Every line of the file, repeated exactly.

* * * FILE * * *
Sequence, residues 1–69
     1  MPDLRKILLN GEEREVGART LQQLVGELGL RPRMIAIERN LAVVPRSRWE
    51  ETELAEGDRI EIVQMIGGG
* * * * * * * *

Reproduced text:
Sequence, residues 1–69
     1  MPDLRKILLN GEEREVGART LQQLVGELGL RPRMIAIERN LAVVPRSRWE
    51  ETELAEGDRI EIVQMIGGG